It's hardly surprising that a teacher seldom stayed more than two or three years; even if their homes were near by they generally found something better or got married. But I take my hat off to them (at least, most of them) for the job they did. In general the children were pretty well prepared for high school. Under the circumstances that was a considerable accomplishment.

At least it may be said that the one room was spacious, light, and pleasant (when it was warm.) Generally windows were along two sides, black boards on the other two. The stove has been mentioned.' This was practical enough for the times. Otherwise the building was as primi­tive as might be expected, some of them with only an open-sided wood­shed which generally housed the two privies (for boys and girls.) At Center, the latter facilities were in small alcoves off the main room and in the end were provided with chemical toilets,- at about the time the wood stoves gave place to oil heaters. This was much later.

These little buildings also served as neighborhood gathering places, and there were some gay times at Halloween and Christmas parties. A number still stand, as after having served their purpose they were sold, generally to the nearest neighbor upon whose land the school probably was originally built. Even after being refurbished as guest houses or hunting camps, and painted anything but red (which few of them were, anyway) it is impossible to mistake these structures for anything but what they were.

Center Road School-Intersection of Center  &
Town Farm Roads
Cavendish Schools: From 1795 to 2009, there have been 13 public schools in Cavendish. Students were assigned to the school closest to where they lived. These included: • Stoddard-Bailey Hill (closed by 1874)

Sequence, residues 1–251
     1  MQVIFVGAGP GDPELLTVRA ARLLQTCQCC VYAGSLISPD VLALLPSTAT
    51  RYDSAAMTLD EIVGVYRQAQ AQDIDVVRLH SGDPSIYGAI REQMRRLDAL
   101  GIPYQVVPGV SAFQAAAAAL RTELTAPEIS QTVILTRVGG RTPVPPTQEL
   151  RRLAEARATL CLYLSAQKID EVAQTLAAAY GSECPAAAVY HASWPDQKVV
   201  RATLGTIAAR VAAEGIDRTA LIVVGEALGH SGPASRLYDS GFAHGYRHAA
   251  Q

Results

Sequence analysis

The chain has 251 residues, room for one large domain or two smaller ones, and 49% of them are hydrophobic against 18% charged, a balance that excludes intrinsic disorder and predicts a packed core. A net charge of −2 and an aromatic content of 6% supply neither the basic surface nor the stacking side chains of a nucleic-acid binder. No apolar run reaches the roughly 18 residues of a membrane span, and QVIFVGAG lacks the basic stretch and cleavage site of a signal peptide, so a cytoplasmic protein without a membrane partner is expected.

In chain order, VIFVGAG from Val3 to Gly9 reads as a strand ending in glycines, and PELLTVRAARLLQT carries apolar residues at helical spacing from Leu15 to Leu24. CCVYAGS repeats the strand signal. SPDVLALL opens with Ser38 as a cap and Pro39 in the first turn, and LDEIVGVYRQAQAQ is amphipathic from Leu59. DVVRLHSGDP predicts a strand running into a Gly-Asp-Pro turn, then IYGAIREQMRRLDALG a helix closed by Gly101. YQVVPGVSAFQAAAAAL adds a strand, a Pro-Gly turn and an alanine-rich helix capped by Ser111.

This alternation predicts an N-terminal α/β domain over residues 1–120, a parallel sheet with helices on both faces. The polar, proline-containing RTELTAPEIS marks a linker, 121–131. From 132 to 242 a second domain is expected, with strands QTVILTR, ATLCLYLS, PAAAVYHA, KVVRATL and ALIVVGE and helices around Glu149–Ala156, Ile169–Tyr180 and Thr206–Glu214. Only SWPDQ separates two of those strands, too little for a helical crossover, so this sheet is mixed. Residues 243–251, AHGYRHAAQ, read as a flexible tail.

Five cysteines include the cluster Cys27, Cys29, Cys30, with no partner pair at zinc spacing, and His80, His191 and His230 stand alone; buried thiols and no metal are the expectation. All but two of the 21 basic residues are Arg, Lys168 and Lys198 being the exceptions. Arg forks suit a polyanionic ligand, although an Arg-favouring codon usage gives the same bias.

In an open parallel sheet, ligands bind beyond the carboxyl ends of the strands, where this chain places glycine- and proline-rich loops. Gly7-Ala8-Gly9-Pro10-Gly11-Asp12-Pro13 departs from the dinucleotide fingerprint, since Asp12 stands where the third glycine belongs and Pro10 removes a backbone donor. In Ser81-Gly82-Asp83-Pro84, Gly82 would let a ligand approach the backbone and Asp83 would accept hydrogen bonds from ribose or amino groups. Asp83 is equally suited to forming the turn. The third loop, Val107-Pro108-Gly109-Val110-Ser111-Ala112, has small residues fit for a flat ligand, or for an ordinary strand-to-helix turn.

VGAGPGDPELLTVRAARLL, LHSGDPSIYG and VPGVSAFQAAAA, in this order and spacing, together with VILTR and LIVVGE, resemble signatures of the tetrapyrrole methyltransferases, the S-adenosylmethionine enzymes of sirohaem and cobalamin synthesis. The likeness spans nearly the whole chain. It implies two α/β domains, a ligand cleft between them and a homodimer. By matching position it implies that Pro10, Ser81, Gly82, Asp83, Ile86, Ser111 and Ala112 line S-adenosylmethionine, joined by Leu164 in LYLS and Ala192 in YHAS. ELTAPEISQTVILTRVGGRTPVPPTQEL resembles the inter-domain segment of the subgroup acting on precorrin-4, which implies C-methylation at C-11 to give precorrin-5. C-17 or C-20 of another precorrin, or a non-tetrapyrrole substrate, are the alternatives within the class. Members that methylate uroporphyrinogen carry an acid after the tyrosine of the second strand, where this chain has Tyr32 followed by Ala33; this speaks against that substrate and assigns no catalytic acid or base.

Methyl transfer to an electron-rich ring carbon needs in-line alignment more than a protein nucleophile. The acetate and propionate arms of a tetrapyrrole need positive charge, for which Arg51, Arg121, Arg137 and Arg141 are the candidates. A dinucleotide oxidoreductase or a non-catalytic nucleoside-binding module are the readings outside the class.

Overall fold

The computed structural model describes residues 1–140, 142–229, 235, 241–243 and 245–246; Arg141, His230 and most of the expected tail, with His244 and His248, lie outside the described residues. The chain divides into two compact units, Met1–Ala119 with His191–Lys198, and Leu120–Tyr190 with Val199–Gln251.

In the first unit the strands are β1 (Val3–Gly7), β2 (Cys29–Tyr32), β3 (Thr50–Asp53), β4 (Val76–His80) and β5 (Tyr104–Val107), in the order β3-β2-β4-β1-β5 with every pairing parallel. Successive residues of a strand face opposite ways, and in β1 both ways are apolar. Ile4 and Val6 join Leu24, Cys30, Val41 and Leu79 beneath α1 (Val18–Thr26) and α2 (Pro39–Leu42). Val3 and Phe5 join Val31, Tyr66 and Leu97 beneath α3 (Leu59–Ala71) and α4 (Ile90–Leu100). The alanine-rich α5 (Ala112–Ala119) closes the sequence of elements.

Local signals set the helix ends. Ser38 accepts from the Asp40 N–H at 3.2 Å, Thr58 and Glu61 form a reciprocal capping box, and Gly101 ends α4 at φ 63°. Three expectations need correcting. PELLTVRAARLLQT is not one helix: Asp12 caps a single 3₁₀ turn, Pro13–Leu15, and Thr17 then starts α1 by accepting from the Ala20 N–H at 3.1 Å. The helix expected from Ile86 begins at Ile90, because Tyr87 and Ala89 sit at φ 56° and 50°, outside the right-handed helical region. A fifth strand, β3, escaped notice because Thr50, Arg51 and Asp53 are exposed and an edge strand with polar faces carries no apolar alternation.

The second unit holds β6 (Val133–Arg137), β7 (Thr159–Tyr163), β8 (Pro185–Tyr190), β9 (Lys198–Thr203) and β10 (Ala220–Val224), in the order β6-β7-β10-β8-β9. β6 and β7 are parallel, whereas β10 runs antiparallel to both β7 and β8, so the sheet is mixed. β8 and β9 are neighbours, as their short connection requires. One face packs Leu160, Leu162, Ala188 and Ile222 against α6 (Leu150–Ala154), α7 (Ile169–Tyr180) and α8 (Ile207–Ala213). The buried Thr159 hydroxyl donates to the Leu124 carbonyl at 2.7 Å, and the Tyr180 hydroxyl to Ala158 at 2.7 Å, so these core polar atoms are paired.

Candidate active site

• Hudson School-Old County Rd (burned in 1901) 
• Parker School-near Knapp Pond (closed 1911)
•  Densmore School-Brook and South Reading Roads (burned in 1922)
• Rumke School-Greenbush (closed 1923)
• Gilchrist School (closed 1947
• Center School-Center and Town Farm Roads (closed 1955)
• Wheeler School-Twenty Mile Stream and Chambers Roads (closed 1955)
• Tarbell Hill School (closed 1955)
• Proctorsville Village School (closed 1959 and replaced with the Cavendish Town School)
• Duttonsville School (closed 1971)
• Stockin School (half in Weathersfield and under Weathersfield School District)
• Fittonsville School-Cavendish Gulf Road Built for the children whose parents worked at Spring Mill. When the mill burned, the school closed in 1884

While Proctorsville had all 12 grades at one time, for many generations, students would go to Ludlow, Chester or Springfield high schools. This changed when the Green Mountain Union High School was built. Today, through school choice option, while a majority of the students go to GMUHS, many opt for Springfield, Ludlow or Woodstock.

School District #1, Center Road  School, where the Tiemann children went to school has been written about extensively in Sandra Fields Stearns’ book Cavendish Hillside Farm 1939-1957. Stearns school days begin in the 1940s, a decade after the Tiemanns would have graduated. Still there are many similarities, with the school being a hub for the social activities of the community.